A mobile subscriber who has applied for MNP will not be allowed to withdraw his request after 24 hours. This will help subscribers who are often denied porting by mobile operator for sundry reasons
The Telecom Regulatory Authority of India (TRAI) has asked donor operators (DO) not to entertain subscribers’ pleas for withdrawing their mobile number portability (MNP) requests. The move follows the regulator’s observation of a high cancellation rate in MNP requests by these operators. Experts have welcomed the move emphasising the need to streamline process for MNP and feel that now onwards subscribers would also think twice before applying for portability.
MNP allows customer to ports out from an existing provider, known as DO, to new a service provider, known as recipient operator (RO), while retaining the same mobile number.
According to the recent notification, if a customer wants to withdraw his porting request, he can approach the RO within 24 hours filing the request.
TRAI’s direction says that, “The authority... hereby directs all cellular mobile telephone service providers and unified access service providers, acting as donor operators, not to entertain any request from the subscriber for cancellation or withdrawal of porting request and not to reject a porting request except on the grounds mentioned under Section 12 of the Telecommunications Mobile Number Portability Regulations.”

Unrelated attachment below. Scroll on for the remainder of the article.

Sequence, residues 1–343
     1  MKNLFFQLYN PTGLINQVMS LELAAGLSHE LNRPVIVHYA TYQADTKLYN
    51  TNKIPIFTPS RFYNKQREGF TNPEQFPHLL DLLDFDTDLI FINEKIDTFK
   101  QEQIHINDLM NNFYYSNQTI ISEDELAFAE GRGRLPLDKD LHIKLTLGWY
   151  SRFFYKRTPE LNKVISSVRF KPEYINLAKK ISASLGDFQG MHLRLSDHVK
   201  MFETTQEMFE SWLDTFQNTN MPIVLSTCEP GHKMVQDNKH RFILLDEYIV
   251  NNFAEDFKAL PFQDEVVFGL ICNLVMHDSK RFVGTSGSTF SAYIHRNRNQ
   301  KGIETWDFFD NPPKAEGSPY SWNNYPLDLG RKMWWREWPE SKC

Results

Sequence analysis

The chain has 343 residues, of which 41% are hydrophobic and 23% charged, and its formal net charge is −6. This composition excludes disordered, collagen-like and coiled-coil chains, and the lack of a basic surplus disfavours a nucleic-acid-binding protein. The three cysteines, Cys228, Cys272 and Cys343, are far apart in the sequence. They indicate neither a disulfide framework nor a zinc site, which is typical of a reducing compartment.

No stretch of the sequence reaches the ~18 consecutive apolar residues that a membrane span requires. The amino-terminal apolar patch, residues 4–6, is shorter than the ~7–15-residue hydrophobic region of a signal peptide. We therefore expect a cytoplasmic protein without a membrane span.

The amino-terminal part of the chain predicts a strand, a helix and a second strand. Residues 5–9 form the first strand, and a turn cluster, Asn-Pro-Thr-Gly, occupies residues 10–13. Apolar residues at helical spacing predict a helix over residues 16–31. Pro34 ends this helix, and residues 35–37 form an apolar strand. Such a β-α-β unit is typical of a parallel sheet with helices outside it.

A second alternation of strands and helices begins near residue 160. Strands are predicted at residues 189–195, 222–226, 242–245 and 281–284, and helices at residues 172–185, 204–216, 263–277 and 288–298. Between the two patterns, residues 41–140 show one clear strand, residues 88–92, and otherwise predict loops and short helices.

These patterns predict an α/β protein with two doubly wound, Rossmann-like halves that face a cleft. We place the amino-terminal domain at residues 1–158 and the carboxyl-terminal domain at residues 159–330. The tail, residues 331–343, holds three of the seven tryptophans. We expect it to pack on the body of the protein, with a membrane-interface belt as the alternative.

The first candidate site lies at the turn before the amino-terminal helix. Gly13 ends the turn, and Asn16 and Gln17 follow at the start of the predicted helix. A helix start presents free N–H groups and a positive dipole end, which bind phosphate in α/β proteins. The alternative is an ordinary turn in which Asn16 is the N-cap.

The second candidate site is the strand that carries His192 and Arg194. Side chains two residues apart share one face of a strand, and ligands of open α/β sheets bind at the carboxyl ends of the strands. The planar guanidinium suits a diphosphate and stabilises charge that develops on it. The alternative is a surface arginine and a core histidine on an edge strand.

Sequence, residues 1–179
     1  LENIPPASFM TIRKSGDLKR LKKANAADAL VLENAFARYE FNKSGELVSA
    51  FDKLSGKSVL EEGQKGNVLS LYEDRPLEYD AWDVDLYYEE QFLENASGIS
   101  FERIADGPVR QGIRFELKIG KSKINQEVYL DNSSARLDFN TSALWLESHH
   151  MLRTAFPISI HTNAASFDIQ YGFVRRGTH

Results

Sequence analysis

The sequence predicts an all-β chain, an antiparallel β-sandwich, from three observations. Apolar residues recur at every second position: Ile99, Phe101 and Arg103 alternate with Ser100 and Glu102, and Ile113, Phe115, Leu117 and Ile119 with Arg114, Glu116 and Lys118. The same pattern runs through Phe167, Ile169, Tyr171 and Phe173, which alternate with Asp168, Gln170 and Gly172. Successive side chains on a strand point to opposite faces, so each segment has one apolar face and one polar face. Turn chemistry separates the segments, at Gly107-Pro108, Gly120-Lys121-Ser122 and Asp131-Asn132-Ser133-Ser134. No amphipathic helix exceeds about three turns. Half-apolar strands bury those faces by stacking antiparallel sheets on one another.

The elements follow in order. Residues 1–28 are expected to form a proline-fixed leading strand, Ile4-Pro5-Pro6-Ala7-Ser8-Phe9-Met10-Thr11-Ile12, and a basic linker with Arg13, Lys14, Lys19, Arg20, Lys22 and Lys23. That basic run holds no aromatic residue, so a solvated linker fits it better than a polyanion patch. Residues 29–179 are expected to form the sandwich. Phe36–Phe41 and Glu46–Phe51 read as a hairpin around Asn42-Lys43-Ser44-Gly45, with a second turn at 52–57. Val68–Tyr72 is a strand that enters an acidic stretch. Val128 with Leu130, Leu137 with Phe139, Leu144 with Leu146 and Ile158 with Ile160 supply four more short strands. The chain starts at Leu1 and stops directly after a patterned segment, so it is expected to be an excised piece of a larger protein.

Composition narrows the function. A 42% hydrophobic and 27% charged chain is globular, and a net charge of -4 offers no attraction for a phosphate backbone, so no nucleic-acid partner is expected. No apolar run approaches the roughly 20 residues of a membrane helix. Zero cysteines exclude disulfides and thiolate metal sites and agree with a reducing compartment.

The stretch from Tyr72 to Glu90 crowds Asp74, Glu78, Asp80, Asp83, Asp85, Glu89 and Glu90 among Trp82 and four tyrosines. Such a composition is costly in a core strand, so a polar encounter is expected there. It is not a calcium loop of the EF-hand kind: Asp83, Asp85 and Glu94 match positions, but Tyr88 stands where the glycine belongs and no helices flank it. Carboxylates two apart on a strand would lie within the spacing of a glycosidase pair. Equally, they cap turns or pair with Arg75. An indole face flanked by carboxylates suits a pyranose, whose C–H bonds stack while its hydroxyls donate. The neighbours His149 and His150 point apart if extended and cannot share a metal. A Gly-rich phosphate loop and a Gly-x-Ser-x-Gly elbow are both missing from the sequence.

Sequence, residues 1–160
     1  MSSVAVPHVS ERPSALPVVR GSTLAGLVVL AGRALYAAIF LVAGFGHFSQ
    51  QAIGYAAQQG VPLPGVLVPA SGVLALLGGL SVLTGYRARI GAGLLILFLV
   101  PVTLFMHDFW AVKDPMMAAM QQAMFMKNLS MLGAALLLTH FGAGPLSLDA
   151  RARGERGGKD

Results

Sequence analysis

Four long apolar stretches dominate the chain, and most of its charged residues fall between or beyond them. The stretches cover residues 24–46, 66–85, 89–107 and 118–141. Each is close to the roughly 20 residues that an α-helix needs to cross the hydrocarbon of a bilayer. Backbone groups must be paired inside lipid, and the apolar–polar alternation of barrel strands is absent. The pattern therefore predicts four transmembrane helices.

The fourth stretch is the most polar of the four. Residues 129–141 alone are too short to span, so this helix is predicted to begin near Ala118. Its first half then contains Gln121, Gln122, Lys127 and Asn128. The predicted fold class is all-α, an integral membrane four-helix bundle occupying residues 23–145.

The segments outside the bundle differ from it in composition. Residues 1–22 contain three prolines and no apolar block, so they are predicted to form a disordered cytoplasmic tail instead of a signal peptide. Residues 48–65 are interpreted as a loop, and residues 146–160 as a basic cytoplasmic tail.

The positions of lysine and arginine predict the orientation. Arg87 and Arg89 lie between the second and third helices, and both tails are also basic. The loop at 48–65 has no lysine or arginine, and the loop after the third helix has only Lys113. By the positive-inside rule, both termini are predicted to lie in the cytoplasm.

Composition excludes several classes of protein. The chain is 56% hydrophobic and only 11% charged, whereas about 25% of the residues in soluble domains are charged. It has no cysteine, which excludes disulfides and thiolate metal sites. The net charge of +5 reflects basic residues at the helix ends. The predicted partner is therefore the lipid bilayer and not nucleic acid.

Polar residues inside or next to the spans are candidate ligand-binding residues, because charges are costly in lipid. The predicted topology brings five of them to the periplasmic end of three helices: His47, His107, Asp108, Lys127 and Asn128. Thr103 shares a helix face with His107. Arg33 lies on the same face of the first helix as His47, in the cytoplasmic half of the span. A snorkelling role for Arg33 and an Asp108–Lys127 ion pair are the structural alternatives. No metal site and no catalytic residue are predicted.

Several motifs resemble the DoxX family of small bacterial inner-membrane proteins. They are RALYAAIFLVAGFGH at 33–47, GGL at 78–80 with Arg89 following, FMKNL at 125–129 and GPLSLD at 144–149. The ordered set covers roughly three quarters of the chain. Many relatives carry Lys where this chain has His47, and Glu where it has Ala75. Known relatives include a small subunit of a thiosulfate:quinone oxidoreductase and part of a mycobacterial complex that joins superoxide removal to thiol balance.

Experts point out that DO, in order to retain their customers, often delay in implementing the MNP request. Achintya Mukherjee, secretary, Bombay Telephone Users Association (BTUA), says, “This is good a move as DOs always lure the porting out customers by promising to resolve all their issues. But once the subscribers agrees to stay and cancels his MNP request, the DOs, ignores him as has been observed in many cases in the past. ROs, in my view, are always happy to receive more subscribers. In fact subscribers only wants to port out if they are unhappy with the services. It may be beneficial for them but they need to be sure of porting out.”
Speaking with Moneylife, Rajan Matthews, director general, Cellular Operators Association of India, said that, “The regulator explaining the original MNP regulation has now made it clear that the DO cannot entertain the MNP cancellation or withdrawal request. However, the customer has a choice to withdraw his/her MNP request by approaching the receipting operator (RO) within 24 hours. The entire process of MNP needs to be streamlined. We are constantly in touch with the regulator and the service providers. In the end, we want the customer to be benefited.”
TRAI has clarified that DOs cannot reject the MNP request except in some cases such as where there is outstanding payment due from the subscribers, if the MNP application is made within 90 days of activating new mobile connection, mismatch of unique porting number or if the subscriber has not complied with the exit clause in the contractual agreement.